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ESSAYS Mousse 69

Resplendent Men: Louis Fratino

by David Everitt Howe

 

Louis Fratino’s figurative paintings of friends, lovers, and domestic environments dazzle with technical virtuosity. But what sets the work apart is its tender, sensitive, and stylized portrayal of gay male sexuality.

Describing Louis Fratino’s homoerotic paintings as exquisitely beautiful might seem like faint praise, or even something of an insult, as if that implied his work was
all style and no substance. Of course, there’s substance. Put very simply, it’s the vagaries of gay love, and the ins and outs of domestic bliss: boys lying in bed kissing and fucking, breakups and lonely nights. But what style! Fratino’s Dionysian subjects are rendered with a skilled painterliness that takes its cue from Pablo Picasso and Marc Chagall, with figures marked by exaggerated, flattened features inspired, à la the master of Cubism, by Iberian sculpture and African masks. In fact, Picasso’s Guernica (1937)—with its hysterical drama of wall-to-wall distorted limbs—is gestured to in scale and density of figures by one of the works in Fratino’s recent exhibition Come Softly to Me (2019) at Sikkema Jenkins & Co., New York. There, though, Fratino dropped that work’s fraught politics and opted instead for the dance club, though Metropolitan (2019) is nonetheless high drama of a different sort: a gaggle of shoulder-to-shoulder men preening, making out, and groping each other, a tangle of angular planes and lines that form exaggerated biceps, butts, and bulges, as if Fratino cross-bred proto-Cubism with Finnish artist Touko Valio Laaksonen, best known by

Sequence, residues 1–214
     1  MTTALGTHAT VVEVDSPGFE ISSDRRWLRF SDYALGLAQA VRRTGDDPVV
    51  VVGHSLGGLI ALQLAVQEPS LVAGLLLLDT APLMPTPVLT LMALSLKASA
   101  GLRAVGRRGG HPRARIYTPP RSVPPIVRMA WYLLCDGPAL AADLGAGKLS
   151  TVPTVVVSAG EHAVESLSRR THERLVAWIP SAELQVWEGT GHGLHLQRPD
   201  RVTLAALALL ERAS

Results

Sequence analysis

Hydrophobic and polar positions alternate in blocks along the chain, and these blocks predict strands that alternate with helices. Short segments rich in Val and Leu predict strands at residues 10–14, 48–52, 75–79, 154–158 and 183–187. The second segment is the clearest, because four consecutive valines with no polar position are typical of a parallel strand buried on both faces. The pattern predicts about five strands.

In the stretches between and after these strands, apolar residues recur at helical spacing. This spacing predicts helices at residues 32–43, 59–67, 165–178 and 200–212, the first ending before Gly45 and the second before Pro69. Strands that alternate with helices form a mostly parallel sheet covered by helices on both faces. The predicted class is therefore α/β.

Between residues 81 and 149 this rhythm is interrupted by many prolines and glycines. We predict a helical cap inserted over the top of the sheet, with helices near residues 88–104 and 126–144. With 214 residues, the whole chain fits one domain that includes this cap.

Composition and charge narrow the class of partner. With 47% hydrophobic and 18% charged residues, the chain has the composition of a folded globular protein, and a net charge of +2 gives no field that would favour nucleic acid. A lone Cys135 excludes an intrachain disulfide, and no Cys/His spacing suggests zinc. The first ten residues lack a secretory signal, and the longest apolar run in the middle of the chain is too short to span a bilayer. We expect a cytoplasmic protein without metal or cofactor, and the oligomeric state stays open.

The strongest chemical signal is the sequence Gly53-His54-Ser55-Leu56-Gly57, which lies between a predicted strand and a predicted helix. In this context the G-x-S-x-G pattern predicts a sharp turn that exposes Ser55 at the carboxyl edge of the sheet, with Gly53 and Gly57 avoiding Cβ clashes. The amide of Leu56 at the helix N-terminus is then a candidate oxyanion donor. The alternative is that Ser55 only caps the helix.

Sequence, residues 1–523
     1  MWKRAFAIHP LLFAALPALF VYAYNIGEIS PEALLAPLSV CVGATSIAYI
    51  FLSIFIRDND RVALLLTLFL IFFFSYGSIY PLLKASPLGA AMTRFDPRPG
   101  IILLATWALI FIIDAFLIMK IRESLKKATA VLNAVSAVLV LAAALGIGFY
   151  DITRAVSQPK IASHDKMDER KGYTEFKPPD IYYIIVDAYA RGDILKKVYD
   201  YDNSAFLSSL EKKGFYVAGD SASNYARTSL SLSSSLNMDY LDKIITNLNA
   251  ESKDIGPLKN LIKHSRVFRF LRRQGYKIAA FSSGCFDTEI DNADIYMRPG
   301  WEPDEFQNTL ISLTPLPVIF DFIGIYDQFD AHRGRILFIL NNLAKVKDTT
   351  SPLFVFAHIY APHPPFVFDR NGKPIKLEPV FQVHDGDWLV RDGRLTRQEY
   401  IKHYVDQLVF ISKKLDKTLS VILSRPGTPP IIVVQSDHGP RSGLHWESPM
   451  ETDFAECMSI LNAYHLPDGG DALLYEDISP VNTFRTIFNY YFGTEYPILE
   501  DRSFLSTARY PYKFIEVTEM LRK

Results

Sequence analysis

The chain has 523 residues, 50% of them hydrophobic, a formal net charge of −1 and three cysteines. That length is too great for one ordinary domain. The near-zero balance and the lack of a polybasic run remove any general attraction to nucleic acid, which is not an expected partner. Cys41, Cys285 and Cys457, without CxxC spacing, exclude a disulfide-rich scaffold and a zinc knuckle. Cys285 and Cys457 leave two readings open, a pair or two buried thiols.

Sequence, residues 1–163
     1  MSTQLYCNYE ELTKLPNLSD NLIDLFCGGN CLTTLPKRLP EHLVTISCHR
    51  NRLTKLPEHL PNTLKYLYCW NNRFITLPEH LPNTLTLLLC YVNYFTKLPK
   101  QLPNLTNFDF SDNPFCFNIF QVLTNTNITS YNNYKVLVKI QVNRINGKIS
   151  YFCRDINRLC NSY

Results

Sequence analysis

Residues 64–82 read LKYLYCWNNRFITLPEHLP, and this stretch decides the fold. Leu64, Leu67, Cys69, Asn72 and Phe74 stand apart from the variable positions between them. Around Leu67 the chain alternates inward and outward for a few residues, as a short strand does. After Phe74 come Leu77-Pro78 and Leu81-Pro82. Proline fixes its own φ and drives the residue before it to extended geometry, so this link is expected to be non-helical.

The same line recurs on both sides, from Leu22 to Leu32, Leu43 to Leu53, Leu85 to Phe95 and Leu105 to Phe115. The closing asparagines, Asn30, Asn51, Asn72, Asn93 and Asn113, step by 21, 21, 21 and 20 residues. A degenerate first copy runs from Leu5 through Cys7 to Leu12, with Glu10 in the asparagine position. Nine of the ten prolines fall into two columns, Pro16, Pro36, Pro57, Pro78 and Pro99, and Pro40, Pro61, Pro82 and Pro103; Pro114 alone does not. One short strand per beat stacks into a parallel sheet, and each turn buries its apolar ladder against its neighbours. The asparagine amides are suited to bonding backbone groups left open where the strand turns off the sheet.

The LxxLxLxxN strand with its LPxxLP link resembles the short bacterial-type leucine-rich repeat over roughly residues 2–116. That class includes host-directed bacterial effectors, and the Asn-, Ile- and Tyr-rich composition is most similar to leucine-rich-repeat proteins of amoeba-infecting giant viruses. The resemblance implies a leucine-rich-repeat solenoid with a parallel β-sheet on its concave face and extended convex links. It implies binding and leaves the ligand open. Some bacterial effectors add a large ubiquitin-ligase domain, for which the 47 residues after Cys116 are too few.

his pseudonym Tom of Finland. The result, unsurprisingly, is a work dripping with sex, a queering of art historical precedent that makes the field’s long history of straight men fetishizing women G-a-y with a capital G, as if stereotypical modernism going M4M freaky was long overdue. (It was.)

Fratino is well suited to freaky; he can paint canvases of blushingly graphic content, though they’re rendered so lushly, and often in such diminutive scale, it’s no wonder a reviewer likened them to jewels. At only eight by ten inches, Early Spring (2019) seems scaled for photography but painted with infinite detail, zooming in on Fratino himself lying on top of another man as he’s getting fucked —though the only reason it’s clear the man is Fratino is because of his arm tattoo. Elsewhere, sometimes it’s the earring that gives it away. In other instances, it’s totally unclear; sometimes he paints people in ways that somewhat resemble them, but other times—as in this work— he’s made his eyebrows so arched, cheekbones so high, and nose so pointed he literally looks like a mask. Made up of bulging planes that form legs, arms, and chests, his and his buddy’s bodies in Early Spring take up most of the canvas. The other man’s nipples are surrounded by circular dashes, while both men’s legs and thighs are shaded with hundreds of tiny crosshatches and arches forming patches of hair. Little touches—such as the shadow of a cheekbone rendered in a series of thin lines pressed tightly together—give Fratino’s work the quality of an etching.